Friday, November 12, 2010


I don’t think I’ve really mentioned Moncure on this or any of my other blogs. Without rehashing a lot of ancient history, Moncure was an adult male at a time when so few adult males had a positive influence in my life, my teen years. He was the person who became my goal as an adult, my template for what an adult man should be.

Then, I grew up.

Life turned out a whole lot messier than anyone had ever so much as suggested and now I’m 45, unemployed, overweight, and without a whole lot of accomplishments beneath my belt.

So, when I found Moncure on Facebook about a year or so ago, I thought (in that neurotic way I do), “What have I done with my life? How is my life significant enough to be worthy of speaking to him again?” I thought that I had to achieve great things to fit that mold of what an adult man should be… and I hadn’t.

Then, Myth of the Cubicle was produced in Hollywood. My first book is being published next year. (WORMFOOD ISLAND, coming in summer 2011 from Northern Frights Publishing!) Somehow, it didn’t feel like enough.

I woke up at 2:30 this morning from the most vivid dream. Another one of my novels, No More Blue Roses, had been published and turned into a movie. Vicky and I were attending the premiere at a small art house cinema in LA, we were getting out of the car, when who got out of the car parked in front of ours but Moncure and his wife.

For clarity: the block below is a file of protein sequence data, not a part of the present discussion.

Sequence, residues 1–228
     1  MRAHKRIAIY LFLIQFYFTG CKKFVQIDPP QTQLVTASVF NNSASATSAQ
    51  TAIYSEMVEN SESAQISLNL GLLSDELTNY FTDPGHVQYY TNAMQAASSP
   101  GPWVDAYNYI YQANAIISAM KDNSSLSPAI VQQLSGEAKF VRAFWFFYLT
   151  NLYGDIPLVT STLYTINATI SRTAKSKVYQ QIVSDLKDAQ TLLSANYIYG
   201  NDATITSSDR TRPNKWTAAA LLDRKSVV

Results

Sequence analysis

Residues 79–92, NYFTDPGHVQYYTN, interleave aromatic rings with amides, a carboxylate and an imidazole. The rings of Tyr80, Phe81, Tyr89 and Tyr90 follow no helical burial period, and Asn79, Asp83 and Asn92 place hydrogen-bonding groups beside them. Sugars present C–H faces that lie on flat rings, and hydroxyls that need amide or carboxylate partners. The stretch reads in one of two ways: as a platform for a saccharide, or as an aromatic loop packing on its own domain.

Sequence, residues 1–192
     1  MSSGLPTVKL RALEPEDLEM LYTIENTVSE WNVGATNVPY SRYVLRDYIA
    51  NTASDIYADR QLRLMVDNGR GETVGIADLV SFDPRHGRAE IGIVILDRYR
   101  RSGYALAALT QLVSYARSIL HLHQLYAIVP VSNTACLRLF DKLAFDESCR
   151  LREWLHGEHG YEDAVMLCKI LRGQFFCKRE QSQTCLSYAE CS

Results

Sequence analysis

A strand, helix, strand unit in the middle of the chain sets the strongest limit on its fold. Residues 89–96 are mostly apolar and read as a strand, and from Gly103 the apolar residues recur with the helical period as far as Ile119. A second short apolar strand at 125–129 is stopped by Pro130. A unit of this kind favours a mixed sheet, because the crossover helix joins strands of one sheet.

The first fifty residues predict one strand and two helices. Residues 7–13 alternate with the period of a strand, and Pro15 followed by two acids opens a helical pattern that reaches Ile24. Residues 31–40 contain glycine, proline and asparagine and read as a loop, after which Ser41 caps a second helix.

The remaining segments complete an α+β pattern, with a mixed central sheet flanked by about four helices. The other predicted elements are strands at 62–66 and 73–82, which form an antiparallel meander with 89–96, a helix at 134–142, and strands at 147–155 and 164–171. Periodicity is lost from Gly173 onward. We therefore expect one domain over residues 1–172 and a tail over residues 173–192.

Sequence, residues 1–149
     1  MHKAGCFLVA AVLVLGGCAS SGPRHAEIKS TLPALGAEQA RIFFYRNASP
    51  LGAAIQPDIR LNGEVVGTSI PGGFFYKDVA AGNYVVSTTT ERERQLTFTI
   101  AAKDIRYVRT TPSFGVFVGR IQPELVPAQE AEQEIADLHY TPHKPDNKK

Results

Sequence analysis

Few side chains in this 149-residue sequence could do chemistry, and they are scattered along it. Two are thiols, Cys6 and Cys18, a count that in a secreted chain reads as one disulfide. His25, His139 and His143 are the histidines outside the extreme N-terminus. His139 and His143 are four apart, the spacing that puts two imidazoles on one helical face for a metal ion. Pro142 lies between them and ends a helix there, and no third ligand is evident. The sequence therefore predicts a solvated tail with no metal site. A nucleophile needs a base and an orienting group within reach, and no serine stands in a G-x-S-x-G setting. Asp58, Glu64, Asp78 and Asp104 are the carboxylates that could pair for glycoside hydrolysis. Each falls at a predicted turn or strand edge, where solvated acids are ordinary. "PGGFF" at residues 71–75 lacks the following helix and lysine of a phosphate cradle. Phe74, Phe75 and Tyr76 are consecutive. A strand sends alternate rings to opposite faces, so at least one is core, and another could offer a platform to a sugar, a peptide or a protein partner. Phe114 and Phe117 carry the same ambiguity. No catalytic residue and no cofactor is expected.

I said to Vic, “Hold on. This could be significant.”

Somebody mentioned to Moncure as we shook hands that I was the author of the book the movie was based on and Moncure mumbled through, “The patterns of history weave in lines that are difficult to comprehend but nonetheless meaningful.”

And I said “Hi,” using his first name and gave a big, cheesy grin.

He smiled as well. “Ken La Salle, you miserable son of a bitch.”

The four of us hurried to the premiere but it had already started. The theater was filled with a girls’ volleyball team and an overflow of rowdy kids; we could only see the movie through the doors. It had been filmed in black and white and spoken in French – not dubbed, a French filmmaker had made it in French… and in the 1940s, for some reason.

It was all very confusing.

I got out of bed and thought, “Ken, your mind is trying to tell you something. Just go to Facebook and send him an email.” And I did.

I’m too old for “should have beens” and if I keep trying to measure up to me every expectation, my life will be filled with nothing but “not good enough.” I’m glad I finally found the courage to give myself a break.

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